The environment ministers of the world's seven leading economies and Russia, meeting at Leeds Castle, Kent, will today recommend firm measures to increase the monitoring and enforcement of international treaties banning the trade. Their proposals will be taken up by the leaders of their countries at the rich nations' summit in Birmingham in May.
The Deputy Prime Minister, John Prescott, who is chairing the conference, said yesterday: "The scale of the crisis is phenomenal. We need to be tough on the catching, tough on the people who commit the crime, and tough on the people who buy the things. There's an awful lot to be done, but we will be working very hard on it."
He said the countries should co-operate in enforcing the treaties, pooling scientific knowledge on how to combat the crime and in setting up a clearing house of information. The ministers - from Britain, the USA, France, Germany, Italy, Canada, Japan and Russia - heard reports of the growth of the smuggling of toxic waste, chlorofluorocarbons (CFCs) which destroy the ozone layer, and endangered species and products made from them. They did not address two other major areas of environmental crime, both more politically sensitive: illegal trade in timber and illegal fishing, including whaling.
The growth in crime is being fuelled by the erosion of border controls as trade is increasingly liberalised, and the collapse of the former Soviet Union and the rise of the Russian Mafia. The Italian environment minister, Eduardo Ronchi, said that international police inquiries were finding evidence that the Russian Mafia and Italian Comorra were increasingly moving into environmental crime, particularly the smuggling and dumping of toxic waste.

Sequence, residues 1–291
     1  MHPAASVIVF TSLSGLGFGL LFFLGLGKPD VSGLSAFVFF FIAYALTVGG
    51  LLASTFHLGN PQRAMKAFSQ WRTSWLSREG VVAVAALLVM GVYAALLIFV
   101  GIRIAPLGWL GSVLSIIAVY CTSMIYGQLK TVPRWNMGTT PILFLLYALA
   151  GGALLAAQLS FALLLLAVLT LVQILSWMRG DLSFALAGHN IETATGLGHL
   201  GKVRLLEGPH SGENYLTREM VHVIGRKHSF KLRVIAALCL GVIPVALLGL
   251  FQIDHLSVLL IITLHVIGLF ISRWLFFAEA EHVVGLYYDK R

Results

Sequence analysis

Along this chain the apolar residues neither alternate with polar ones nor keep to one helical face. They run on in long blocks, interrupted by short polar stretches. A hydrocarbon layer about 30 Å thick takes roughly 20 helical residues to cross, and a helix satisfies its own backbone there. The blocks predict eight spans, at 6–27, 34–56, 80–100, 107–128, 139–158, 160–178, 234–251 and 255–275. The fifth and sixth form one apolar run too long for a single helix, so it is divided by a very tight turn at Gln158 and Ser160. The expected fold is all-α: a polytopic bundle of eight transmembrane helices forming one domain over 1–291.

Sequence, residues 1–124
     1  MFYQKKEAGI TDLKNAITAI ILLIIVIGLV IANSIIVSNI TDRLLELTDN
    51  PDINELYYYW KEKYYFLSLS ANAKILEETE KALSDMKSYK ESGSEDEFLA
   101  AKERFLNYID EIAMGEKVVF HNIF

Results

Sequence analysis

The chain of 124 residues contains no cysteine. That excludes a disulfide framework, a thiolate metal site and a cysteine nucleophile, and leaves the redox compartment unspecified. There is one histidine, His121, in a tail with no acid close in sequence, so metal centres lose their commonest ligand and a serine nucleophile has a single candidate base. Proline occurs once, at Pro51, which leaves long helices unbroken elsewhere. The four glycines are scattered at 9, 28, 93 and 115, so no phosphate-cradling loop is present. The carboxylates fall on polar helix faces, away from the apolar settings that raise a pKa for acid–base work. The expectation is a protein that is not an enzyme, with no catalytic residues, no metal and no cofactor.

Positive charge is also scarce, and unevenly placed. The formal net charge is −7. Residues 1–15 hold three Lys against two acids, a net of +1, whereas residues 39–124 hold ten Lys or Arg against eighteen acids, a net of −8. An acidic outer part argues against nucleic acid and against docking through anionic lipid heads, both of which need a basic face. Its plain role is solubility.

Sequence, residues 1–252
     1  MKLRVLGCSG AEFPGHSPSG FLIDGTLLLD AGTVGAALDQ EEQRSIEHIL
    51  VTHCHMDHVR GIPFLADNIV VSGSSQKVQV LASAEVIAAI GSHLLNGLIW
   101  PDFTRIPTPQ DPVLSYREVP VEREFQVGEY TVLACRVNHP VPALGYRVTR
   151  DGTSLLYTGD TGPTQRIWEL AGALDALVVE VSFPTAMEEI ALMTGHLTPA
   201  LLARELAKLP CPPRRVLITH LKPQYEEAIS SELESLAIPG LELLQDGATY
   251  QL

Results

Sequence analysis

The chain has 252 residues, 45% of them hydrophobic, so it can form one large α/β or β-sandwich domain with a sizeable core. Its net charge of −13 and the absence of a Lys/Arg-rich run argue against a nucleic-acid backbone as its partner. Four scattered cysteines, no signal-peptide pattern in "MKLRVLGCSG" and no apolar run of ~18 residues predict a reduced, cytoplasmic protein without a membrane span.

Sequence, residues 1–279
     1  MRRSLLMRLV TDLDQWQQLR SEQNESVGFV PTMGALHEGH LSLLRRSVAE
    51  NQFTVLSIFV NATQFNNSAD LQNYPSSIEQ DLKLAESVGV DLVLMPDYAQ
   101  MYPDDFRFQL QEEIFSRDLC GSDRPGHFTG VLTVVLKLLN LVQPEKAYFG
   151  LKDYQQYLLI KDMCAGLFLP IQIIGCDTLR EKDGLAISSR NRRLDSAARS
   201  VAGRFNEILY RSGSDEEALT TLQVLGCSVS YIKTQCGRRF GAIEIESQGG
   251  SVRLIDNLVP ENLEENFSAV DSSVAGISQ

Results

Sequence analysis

Much of the waste comes from the former Soviet bloc and is illegally exported to African and Asian countries, despite an international ban. Experts believe that some legitimate European waste companies are becoming involved in the trade, and there are fears that the Italian Mafia may start dealing in Russian nuclear waste.
Russia is also at the centre of the smuggling of CFCs mainly into the US and the European Union. Duncan Brack, of the Royal Institute of International Affairs, estimates that 15 per cent of all CFCs now in use have been smuggled.
The illegal wildlife trade is reckoned to be worth at least $5bn a year and is threatening endangered species including the tiger and the rhinoceros.
Illegal fishing - through, for example, using banned driftnets, landing undersized fish, or misreporting catches - is also rife. By one estimate, two-fifths of the total catch of the Scottish fishing fleet may be illegal. But the most valuable illegal trade of all is probably in timber, which is thought to be worth up to $15bn a year. It has been estimated that at least one-third of logging in Malaysia is illegal.